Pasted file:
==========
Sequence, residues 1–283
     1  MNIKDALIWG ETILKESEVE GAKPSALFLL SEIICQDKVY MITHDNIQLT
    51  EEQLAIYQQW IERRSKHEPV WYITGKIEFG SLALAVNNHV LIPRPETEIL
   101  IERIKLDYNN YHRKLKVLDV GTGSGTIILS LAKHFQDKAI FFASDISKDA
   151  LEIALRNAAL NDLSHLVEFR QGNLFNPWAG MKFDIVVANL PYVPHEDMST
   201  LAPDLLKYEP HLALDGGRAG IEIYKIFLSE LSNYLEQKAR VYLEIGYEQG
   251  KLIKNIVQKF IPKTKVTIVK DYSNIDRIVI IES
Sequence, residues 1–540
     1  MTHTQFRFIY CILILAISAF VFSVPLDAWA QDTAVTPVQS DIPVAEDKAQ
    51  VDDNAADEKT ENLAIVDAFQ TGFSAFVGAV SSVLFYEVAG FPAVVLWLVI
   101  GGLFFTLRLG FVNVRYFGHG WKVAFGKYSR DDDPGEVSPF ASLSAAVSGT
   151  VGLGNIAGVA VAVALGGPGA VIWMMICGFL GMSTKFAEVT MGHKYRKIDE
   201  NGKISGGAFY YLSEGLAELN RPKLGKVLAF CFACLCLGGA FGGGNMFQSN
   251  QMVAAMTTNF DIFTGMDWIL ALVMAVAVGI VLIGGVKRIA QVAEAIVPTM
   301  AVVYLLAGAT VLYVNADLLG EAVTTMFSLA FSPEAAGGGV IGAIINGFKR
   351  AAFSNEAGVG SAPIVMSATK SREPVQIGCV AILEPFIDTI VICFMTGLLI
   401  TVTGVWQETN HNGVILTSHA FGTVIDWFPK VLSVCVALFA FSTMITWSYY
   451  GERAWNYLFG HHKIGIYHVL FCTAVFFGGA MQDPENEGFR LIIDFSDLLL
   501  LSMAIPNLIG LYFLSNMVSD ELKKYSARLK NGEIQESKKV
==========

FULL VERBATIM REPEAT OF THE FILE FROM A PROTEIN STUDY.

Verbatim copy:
Sequence, residues 1–283
     1  MNIKDALIWG ETILKESEVE GAKPSALFLL SEIICQDKVY MITHDNIQLT
    51  EEQLAIYQQW IERRSKHEPV WYITGKIEFG SLALAVNNHV LIPRPETEIL
   101  IERIKLDYNN YHRKLKVLDV GTGSGTIILS LAKHFQDKAI FFASDISKDA
   151  LEIALRNAAL NDLSHLVEFR QGNLFNPWAG MKFDIVVANL PYVPHEDMST
   201  LAPDLLKYEP HLALDGGRAG IEIYKIFLSE LSNYLEQKAR VYLEIGYEQG
   251  KLIKNIVQKF IPKTKVTIVK DYSNIDRIVI IES
Sequence, residues 1–540
     1  MTHTQFRFIY CILILAISAF VFSVPLDAWA QDTAVTPVQS DIPVAEDKAQ
    51  VDDNAADEKT ENLAIVDAFQ TGFSAFVGAV SSVLFYEVAG FPAVVLWLVI
   101  GGLFFTLRLG FVNVRYFGHG WKVAFGKYSR DDDPGEVSPF ASLSAAVSGT
   151  VGLGNIAGVA VAVALGGPGA VIWMMICGFL GMSTKFAEVT MGHKYRKIDE
   201  NGKISGGAFY YLSEGLAELN RPKLGKVLAF CFACLCLGGA FGGGNMFQSN
   251  QMVAAMTTNF DIFTGMDWIL ALVMAVAVGI VLIGGVKRIA QVAEAIVPTM
   301  AVVYLLAGAT VLYVNADLLG EAVTTMFSLA FSPEAAGGGV IGAIINGFKR
   351  AAFSNEAGVG SAPIVMSATK SREPVQIGCV AILEPFIDTI VICFMTGLLI
   401  TVTGVWQETN HNGVILTSHA FGTVIDWFPK VLSVCVALFA FSTMITWSYY
   451  GERAWNYLFG HHKIGIYHVL FCTAVFFGGA MQDPENEGFR LIIDFSDLLL
   501  LSMAIPNLIG LYFLSNMVSD ELKKYSARLK NGEIQESKKV